In April 2008, the Greater Los Angeles Area office of the Council on American-Islamic Relations (CAIR-LA) led a group of over 100 Southern California Muslims on an educational trip to Manzanar, the first Japanese internment camp established during World War II. Along with Southland Muslims, some 1,500 people from California and beyond attended the 39th Annual Pilgrimage to Manzanar.
Munira Syeda, Communications Coordinator, CAIR-LA: The CAIR organized this pilgrimage to educate ourselves as to what happened to Japanese Americans during World War II.
Jim Matsuoka, Former Internee and NCRR (Nikkei for Civil Rights and Redress) Member: When I see the Muslim American community demonized, it just strikes me as, my gosh, we’re back to 1941 and this is something I’ve seen before. In those days, people were afraid of the Japanese, you know, because they had the images of these banzai charges and people with swords coming at you. We were like demons to them.
Karen Ishizuka, NCRR 9/11 Committee Member and Filmmaker: The incarceration of Japanese Americans didn’t really happen because of Pearl Harbor. From the beginning of immigration, there was a mounting anti-Japanese, anti-Asian sentiment.
Ben Segawa, Japanese American Historical Society of San Diego: Pearl Harbor was bombed, not LA, not San Francisco. Why didn’t they intern all those Japanese in Hawaii? They wanted to get rid of us on the West Coast because we were too highly successful.
Robert A. Nakamura, NCRR 9/11 Committee Member and Filmmaker: Pearl Harbor just gave everyone an excuse. The country was racist and is still racist.
“People lost their businesses and lost their homes. You know, they lost everything.”
“They literally went through the orphanages in California and took out any child with any amount of Japanese blood.”
Hussam Ayloosh, Executive Director, CAIR-LA: We are all here to remember the sad and dark chapter of the history of our nation. By remembering it, our goal is not to dwell on the past, but rather to make sure it never happens again.
Sharaf Mowjood, Government Relations Coordinator, CAIR-LA: It’s not just remembrance, it’s an action. It’s like coming here to renew your battery as to why this is what happened not too long ago.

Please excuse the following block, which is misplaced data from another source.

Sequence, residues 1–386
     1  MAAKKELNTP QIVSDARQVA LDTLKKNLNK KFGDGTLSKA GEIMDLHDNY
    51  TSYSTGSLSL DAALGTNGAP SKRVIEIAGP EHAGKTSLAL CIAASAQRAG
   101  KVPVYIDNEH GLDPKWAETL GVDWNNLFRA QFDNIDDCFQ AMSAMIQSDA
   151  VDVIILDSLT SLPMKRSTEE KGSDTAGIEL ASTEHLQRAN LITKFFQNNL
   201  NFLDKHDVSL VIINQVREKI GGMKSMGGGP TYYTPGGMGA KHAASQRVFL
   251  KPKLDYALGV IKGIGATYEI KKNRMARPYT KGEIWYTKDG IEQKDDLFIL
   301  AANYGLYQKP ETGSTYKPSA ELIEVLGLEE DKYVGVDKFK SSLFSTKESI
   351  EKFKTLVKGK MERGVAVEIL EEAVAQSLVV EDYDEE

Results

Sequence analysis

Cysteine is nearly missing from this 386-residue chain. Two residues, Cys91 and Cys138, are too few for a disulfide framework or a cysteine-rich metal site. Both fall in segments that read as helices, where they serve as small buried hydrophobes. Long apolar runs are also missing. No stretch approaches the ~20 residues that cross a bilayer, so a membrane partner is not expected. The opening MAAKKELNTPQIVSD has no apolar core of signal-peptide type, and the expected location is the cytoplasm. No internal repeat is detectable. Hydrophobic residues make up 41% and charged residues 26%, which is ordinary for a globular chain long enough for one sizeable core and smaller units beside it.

“Islamophobia is rampant, and it’s the only form of racism and discrimination that goes unchallenged in our society.”
“Not doing anything would be the worst insult to the past.”
“We can’t expect the government to do it. It needs to come from us. It needs to come from the community.”
Basim Elkarra, Executive Director, CAIR-Sacramento Valley: When you have coalitions and you work with others, others will come to defend you, and I always tell the Muslim community that you have to reach out to others, so, in times of hardship, they’ll defend you, your neighbors will defend you, churches, community organizations.
“You have to get over the idea of being inferior that they put on us. You should really stand up to that.”
“The Constitution is not self-activating. All these freedoms that we have, you have to step up and speak out to protect them.”
Affad Shaikh, Civil Rights Coordinator, CAIR-LA: When we don’t stand up, and someone’s being denied their rights, then we’re really allowing ourselves to lose our rights as well.
“I hope this trip is going to build in us the sense of commitment that there are bigger things than ourselves, than our families, and than even our own community. Some of the closest allies of the American Muslim community today actually are the Japanese Americans community, because they made a commitment to themselves that ‘we are not going to allow for this to be done to other groups.’ What we are facing today as a community is going to be a temporary thing, insh’allah. Eventually, we are going to be accepted. Five years from now, ten years form now, we will be like the way other minorities are. Are we going to become silent when we see others being treated the same way we’re being treated today?”
The quotations above are excerpts from this documentary. Click here to watch its trailer.